Anomalist Books - Go to home page Anomalist Logo - Go to homepage
NewsCatalogComing SoonBookstoreAbout Us

Here’s a roundup of recent accolades. In his review of Worlds Before Our Own, Bob Rickard at Fortean Times notes that author Brad Steiger’s “influence on forteana equals John Keel’s on ufology.” He then goes on to say: “From the prodigious Anomalist stable comes another breeze from the past..[the book’s] thesis is that before conventional ‘prehistory,’ there could have been a large, possibly global, and culturally advanced civilization…This is a refreshing glimpse of original sources unfiltered through the likes of von Daniken, Charroux, Tomas and more modern writers.” The tagline reads: “An inspiring and ground-breaking blast from the past.” Brad told us he was quite touched by Bob’s review. So were we.

Next comes Bill Chalker’s review of An Alien Who’s Who from The Ufologist Magazine, published in Australia. Bill’s lack of fascination with the contactee realm clearly tempers his opinion of the book: “The UFO saga has spawned what must be the most bizarre Who’s Who in history. We have the prolific watcher and commentator on the historical, cultural, and psychological facets of UFO culture, Martin Kottmeyer to thank for [this book]….[It’s] an intriguing testament as to why the aliens of contactee tales inspire little confidence, and the why normally nameless abducting aliens seem more substantive. A matter of debate, I suspect, and Kottmeyer’s guide book may provide a helpful calibration point. It is from that perspective that his book is a welcome contribution.”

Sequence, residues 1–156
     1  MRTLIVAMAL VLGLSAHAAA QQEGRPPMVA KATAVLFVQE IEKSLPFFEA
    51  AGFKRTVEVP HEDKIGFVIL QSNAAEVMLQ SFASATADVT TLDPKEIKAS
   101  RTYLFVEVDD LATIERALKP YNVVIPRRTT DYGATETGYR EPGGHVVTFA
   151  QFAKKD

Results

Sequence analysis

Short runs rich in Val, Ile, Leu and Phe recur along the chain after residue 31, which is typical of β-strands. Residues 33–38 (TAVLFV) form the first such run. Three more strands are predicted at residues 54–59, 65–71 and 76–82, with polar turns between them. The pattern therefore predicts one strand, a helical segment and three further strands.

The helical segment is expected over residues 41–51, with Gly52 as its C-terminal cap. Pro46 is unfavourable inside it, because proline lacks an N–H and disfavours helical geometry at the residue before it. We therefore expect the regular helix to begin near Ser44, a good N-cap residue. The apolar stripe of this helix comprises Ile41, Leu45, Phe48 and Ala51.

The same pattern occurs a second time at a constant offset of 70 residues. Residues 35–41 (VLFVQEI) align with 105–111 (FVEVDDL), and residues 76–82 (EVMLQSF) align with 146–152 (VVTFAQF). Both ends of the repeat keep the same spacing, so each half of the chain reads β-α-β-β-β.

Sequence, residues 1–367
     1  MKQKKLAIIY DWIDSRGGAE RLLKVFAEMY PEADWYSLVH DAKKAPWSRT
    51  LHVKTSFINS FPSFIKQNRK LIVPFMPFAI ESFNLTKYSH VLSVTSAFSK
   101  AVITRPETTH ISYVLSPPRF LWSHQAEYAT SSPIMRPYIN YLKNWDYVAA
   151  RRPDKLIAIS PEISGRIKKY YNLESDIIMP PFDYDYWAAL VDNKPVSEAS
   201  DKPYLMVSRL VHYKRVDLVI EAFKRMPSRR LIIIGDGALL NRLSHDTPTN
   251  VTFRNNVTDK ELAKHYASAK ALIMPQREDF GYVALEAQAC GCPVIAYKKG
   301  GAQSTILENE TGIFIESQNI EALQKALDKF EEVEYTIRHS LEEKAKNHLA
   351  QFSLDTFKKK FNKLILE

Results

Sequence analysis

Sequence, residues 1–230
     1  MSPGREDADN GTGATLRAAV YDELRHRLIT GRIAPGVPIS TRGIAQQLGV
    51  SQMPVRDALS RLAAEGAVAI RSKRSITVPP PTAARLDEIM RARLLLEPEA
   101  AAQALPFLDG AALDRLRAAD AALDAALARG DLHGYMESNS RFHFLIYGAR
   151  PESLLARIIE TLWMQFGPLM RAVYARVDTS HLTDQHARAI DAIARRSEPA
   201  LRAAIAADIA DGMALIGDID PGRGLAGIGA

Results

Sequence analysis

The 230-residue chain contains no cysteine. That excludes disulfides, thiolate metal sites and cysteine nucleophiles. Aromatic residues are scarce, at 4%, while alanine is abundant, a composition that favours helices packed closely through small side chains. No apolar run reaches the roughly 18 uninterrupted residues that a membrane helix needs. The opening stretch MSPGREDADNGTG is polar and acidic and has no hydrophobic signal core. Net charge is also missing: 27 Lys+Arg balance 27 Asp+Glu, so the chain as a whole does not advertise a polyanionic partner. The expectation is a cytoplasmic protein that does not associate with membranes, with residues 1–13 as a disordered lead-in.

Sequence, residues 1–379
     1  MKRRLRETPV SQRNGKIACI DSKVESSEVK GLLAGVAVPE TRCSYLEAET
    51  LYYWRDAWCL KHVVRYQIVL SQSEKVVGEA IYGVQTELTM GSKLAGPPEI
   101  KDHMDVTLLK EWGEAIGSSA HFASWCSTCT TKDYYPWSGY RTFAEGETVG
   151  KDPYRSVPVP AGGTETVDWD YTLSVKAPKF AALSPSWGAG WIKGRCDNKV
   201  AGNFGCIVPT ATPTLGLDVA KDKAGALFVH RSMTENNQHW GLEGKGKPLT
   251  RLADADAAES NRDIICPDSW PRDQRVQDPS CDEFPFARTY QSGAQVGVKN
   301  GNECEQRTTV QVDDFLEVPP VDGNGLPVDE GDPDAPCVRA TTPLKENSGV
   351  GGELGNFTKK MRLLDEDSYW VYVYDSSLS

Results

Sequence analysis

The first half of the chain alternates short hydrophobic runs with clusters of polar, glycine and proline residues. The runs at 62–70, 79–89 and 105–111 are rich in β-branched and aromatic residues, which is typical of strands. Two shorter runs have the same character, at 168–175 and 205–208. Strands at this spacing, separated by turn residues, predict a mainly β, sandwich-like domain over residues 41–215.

And last, but certainly not least, John Carlson of The Paranomalists reviews Extreme Expeditions. “The book is a firsthand account of Adam Davies’s experiences taken directly from his travel diaries while visiting various remote–and often dangerous–areas of the globe, pursuing his dream of finding and scientifically documenting the existence of so-called ‘legendary’ creatures (known as cryptids, for those who are unfamiliar). Besides being an enormously entertaining and frequently riotously funny read, Extreme Expeditions is, I felt, a very moving account of a man that is motivated by both a fascination for these creatures and a deep concern for their safety and preservation…I came away from reading his book with deep respect for the man’s sense of purpose and sheer determination.”